This weekend I attended the Global Organic Produce in Miami, Florida. I also happen to finish reading the Steve Jobs autobiography. The timing of these two events could not have been better. Trade shows are where often products go to either meet success or die on that floor. Trade shows are where the innovation of industry are on display.
I believe that the produce industry, as well as in many aspects of business, the key to a successful product launch, meets at a four-way intersection of items that must be on point. The things in the intersection are innovation, marketing, logistics, and the actual product. Each one of these items must be in line to have a chance at ensuring a successful product launch.
Marketing is the study and management of exchange relationships. It is the business process of creating relationships with and satisfying customers. Apple, as we mentioned above, was so good at marketing its products. They were able to sell a product that you had never seen, and make that you realize that you needed one. Marketing has become everything in the world we live in today. Why do I have over 100 different truck wraps on my trucks? I do this because those trucks are what catch the potential customers' eye. To stand out, you must be different was a great Dr. Seuss quote, and it is so true. The best products in the world without proper marketing die, while the worst products in the world backed by powerful marketing can make it. Marketing is crucial to your brand. Marketing is what can make an okay product, great.
Everyone always forgets about logistics. Logistics is the management of the flow of things between the point of origin and the point of consumption to meet the requirements of customers or corporations. The resources managed in logistics may include tangible goods such as materials, equipment, and supplies, as well as food and other consumable items. The logistics of physical items usually involves the integration of information flow, materials, handling, production, packaging, inventory, transportation, warehousing, and often security. There are cases you can review where a project either failed or was delayed because of issues in the logistics. Every product we use in the world at some point dealt with logistics in some form. Logistics are involved in the front and the back end of products. From getting the materials to make a product, storing the product before the customer receives it, and finally delivering the product to the customers. All those mentioned involve some form of logistics. Often I have seen companies with a great product contact me for distribution because they hadn't thought of that piece of the puzzle. It happens quite often because while it is a big task, it's forgotten about in planning. In my opinion, there is nothing more critical to a product than the logistics. I have trained myself to where now I work the product back from the customer to the factory, starting with logistics. Working backward sometimes allows you to see a clearer picture of where you need to go.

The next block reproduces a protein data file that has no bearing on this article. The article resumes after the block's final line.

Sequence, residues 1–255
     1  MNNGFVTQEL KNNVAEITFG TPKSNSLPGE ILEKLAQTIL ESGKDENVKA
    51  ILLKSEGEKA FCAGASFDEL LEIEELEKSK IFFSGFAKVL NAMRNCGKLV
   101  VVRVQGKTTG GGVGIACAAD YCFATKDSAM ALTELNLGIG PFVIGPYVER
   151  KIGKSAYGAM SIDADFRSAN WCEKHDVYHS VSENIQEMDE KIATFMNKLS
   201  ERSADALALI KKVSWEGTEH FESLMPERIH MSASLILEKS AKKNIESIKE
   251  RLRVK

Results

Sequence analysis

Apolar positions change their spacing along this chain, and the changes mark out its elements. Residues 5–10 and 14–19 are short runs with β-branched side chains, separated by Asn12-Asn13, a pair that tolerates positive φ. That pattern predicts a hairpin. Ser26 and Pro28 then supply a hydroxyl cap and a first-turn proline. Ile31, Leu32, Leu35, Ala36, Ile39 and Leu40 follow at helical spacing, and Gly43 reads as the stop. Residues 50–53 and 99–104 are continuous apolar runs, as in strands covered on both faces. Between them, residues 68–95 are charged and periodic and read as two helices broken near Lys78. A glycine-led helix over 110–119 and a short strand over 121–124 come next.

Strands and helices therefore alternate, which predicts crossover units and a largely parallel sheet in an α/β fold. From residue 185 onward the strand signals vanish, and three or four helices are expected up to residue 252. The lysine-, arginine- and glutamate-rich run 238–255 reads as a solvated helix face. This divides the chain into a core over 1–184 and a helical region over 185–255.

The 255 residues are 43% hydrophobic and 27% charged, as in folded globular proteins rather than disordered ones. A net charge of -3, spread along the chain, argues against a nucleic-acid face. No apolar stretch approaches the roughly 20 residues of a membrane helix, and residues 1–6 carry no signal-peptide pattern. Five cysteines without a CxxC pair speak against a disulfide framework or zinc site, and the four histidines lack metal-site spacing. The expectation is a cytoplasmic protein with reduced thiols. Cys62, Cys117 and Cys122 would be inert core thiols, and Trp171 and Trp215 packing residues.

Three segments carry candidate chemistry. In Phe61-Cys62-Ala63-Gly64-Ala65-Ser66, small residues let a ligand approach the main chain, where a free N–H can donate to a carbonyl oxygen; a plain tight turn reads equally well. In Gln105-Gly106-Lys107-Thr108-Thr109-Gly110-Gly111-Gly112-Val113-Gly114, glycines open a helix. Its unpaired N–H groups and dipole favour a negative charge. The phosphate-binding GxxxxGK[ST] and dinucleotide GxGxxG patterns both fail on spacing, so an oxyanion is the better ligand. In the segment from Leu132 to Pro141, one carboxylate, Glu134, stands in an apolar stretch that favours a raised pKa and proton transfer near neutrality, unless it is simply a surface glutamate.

Innovation can best be described in business when a company applies an idea to further satisfy the needs and expectations of the customer. Throughout the years, no better company in the world has shown us more innovation than Apple. They have revolutionized the computer, music, cloud, and many other industries throughout their history. How could one company always stay so far ahead of what his customers want? Apple introduced products to consumers that they had no idea they needed. They realized they did not just want these products; they needed them for everyday living. Innovation distinguishes between being a leader and a follower. I have always been a believer along the lines of innovation that simpler is often better.
The product is the least important part of the process believe it or not. If all of the previous items discussed are in line, then the product can be subpar. It does, though, start with the idea that it is hopefully innovative and creates a product ready for the cycle of steps to success.
Walking this show this past week, I saw inferior products that would be a success, and I saw great products that may not make it. What does that mean? One example of one of the inferior products I saw, I believe, was an item that the industry needs more of, and the way it was marketed should ensure that it has a successful launch. One of the great products I saw I feel would not get through the logistics cycle. I thought that the shipper was packing at the wrong time of the year. I think that the logistic challenges of the growing season will hurt a great product.
How do you feel about this path to success? Is there anything I am missing? Am I putting too much emphasis on a segment? We live in a tough time in business. There are so many smart and innovative companies out there to compete with every day.